In Bad Samaritans, Chang gives another example of economic development. He provides a few concrete examples from the different researchers of the past, who wrote about Japanese people in the workplaces. All of these examples confirm that at the time, people from different countries saw Japanese as lazy and easy-going workers and Germany were considered to be slow and unfair as cultural heritage. Nonetheless, it did not affect the economic development of both Japan and German. Nowadays, their cultures are known as hard-working and passionate. With time, culture in any country changes, and it is not right to consider anything like a cultural description. One of the standard features of people from Third World countries is prejudice against foreigners. However, rich and emerging countries have a different organizational structure. The stereotype is that developing countries are in this condition because their natives are lazy. Nevertheless, they usually have longer working hours, they work with simple tools compare with well-development counties, so that criticism is unfair.. Chang claims that economic development depends on the country’s economic conditions, not people’s personal qualities.

Chang says that it is impossible to follow and define the reasons for how countries evaluate economically. He states that emerging countries have many unemployed or underemployed people, and immigrants from these countries usually work harder than the locals. Also, weak law enforcement and poor education resources are vital in the process of economic evaluation. Modern economies in developed countries change people’s points of view and encourage them to act differently. However, in the slowly changing economy, people are not interested in planning for the future, as it is a feature of those who seek for new opportunities to have a better life standard. Economic development changes the culture in both positive and negative ways. According to Chang, culture is the result and the cause of economic development. Usually, economic development encourages natives to become more hardworking and disciplined and not the opposite.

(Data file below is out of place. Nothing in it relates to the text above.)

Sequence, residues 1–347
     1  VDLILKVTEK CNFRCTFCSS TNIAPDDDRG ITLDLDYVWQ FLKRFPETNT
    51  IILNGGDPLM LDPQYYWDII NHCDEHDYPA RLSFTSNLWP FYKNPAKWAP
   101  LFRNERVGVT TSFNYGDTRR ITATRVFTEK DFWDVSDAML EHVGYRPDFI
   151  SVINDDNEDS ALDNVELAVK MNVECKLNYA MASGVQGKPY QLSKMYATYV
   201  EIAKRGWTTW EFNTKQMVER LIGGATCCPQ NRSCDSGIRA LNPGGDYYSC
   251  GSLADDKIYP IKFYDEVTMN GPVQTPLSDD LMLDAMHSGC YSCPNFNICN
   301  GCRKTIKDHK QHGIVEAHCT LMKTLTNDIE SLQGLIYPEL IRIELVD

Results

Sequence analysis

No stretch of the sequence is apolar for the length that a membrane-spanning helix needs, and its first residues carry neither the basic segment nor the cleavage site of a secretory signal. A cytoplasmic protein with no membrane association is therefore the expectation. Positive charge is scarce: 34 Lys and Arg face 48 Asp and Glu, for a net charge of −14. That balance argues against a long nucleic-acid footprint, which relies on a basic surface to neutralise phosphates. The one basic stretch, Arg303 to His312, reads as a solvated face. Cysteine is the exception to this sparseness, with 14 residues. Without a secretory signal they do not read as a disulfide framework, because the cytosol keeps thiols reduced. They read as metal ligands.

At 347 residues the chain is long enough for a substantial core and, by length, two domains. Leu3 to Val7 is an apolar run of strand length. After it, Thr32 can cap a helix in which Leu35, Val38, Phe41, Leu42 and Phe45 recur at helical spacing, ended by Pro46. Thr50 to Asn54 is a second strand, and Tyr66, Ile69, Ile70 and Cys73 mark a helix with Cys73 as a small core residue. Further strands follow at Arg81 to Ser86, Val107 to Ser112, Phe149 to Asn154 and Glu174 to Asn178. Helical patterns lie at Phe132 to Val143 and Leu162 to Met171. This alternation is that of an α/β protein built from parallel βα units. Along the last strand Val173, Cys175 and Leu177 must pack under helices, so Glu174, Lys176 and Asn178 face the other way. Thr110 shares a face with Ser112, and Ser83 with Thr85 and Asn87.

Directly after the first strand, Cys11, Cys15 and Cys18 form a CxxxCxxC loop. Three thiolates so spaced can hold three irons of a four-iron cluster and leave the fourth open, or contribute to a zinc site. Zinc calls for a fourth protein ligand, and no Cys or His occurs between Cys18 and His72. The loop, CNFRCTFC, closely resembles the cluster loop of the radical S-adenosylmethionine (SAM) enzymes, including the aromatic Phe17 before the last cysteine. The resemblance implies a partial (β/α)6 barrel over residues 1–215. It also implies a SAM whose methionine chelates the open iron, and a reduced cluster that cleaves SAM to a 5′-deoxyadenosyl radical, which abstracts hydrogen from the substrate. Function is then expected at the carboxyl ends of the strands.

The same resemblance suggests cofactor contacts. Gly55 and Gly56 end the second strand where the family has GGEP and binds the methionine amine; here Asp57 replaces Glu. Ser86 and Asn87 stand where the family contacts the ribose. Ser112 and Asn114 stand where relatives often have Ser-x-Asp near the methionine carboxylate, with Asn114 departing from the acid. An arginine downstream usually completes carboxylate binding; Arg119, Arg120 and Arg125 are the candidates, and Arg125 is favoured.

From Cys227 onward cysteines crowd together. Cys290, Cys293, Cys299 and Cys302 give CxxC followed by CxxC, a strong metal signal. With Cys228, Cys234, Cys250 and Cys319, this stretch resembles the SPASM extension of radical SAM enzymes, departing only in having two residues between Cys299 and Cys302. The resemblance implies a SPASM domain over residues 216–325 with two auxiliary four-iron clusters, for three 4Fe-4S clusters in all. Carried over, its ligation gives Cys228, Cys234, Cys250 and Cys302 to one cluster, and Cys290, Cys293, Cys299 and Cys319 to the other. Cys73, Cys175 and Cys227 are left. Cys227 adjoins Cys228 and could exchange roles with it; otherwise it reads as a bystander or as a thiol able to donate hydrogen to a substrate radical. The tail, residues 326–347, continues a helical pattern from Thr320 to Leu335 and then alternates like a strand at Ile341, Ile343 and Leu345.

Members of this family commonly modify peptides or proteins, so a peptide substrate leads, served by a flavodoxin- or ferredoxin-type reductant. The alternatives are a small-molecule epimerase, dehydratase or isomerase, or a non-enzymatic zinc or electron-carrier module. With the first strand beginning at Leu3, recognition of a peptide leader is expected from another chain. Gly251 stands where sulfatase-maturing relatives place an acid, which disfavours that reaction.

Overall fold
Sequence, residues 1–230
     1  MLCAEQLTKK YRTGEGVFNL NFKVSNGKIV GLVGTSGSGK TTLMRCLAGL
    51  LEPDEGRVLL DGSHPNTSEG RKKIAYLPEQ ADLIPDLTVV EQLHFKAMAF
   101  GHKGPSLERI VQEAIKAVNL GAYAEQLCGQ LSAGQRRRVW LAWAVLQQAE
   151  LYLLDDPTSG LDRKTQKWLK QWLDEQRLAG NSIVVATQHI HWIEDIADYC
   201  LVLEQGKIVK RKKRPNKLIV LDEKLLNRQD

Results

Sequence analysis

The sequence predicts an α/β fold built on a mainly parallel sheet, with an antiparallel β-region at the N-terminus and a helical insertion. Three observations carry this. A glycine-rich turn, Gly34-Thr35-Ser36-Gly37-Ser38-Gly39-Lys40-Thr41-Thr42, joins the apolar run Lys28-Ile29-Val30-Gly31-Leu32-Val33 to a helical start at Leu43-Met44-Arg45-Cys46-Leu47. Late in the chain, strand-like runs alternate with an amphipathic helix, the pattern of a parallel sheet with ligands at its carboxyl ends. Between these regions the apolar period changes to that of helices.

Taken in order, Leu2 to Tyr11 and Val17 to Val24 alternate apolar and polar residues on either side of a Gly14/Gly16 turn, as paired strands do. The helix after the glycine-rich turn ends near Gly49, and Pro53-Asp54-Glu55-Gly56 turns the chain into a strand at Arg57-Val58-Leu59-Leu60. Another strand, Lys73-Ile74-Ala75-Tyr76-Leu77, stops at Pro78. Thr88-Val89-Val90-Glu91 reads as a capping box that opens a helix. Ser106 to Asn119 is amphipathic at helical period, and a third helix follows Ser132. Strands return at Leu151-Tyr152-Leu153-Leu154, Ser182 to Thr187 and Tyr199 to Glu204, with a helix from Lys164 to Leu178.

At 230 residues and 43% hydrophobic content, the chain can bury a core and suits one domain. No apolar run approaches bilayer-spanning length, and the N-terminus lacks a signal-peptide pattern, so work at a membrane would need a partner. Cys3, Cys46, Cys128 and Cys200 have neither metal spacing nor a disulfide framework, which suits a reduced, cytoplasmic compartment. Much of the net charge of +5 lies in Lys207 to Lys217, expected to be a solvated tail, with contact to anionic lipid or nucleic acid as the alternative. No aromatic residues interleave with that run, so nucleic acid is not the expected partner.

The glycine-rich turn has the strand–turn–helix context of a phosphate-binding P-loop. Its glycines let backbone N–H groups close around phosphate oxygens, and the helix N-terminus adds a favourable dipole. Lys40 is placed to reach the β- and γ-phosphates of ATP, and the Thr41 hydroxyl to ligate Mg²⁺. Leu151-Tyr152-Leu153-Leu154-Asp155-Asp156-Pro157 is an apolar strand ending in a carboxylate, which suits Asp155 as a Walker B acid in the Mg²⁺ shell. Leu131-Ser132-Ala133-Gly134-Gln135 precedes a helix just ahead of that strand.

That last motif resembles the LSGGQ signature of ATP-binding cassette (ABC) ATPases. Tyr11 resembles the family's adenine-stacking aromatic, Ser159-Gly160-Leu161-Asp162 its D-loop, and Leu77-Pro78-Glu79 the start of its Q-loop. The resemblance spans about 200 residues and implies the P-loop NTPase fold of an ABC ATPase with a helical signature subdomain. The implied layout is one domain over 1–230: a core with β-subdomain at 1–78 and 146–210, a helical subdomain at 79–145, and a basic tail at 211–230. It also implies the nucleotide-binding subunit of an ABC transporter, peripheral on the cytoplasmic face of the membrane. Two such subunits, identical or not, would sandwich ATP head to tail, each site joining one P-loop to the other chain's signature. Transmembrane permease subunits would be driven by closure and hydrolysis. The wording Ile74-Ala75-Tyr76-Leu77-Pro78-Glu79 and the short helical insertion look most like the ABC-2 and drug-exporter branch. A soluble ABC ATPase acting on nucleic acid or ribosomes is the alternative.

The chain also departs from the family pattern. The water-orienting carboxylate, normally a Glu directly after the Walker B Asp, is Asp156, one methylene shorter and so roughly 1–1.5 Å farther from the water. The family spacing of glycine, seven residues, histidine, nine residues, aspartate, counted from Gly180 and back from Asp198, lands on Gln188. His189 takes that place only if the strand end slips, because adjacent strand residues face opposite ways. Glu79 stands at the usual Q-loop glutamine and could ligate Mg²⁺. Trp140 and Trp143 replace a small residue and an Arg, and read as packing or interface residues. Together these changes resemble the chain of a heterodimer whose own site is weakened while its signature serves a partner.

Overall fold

It shows that development can spontaneously cause a cultural revolution. There is no need for the cultural revolution before the economic rise as their attempt rarely succeeds. People’s behavior will change once they see changes and evaluations in economics. However, it will not work in societies where workers are treated badly. Also, pursuing young people in countries with small industries that having an engineering profession is wrong will not encourage them to change. The manufacturer has high productivity and it is one of the crucial differences between rich countries and poor ones.

Also, there are a few key historical elements that Chang addresses effectively. He sets an example of Korea, where in the 1960s, the government increased funding and the number of places in university for engineering and science departments, as the country needed more scientists and engineers, and it had a positive result. In Japan, workers received such benefits as lifetime employment and company welfare schemes. However, it happened all over the world. For example, Sweden also had a problem with terrible labor. In the 1920s, there were more strikes than in any other country. The country’s capitalists delivered a generous welfare state combined with good retraining programs in return for workers restraining their wage demands and strike activities. Nevertheless, countries with low economic development will not survive if they will be exposed to international competition without proper preparation and supporting from the government. In the beginning, they need to improve their capabilities by mastering advanced technologies and building effective organizations, and then they need to shield those infant industries by setting up a shield either use subside or increase tariff. Alexander Hamilton, the first treasury secretary of the US, was the first one to propose this theory, and many generations of policymakers before and after him used it.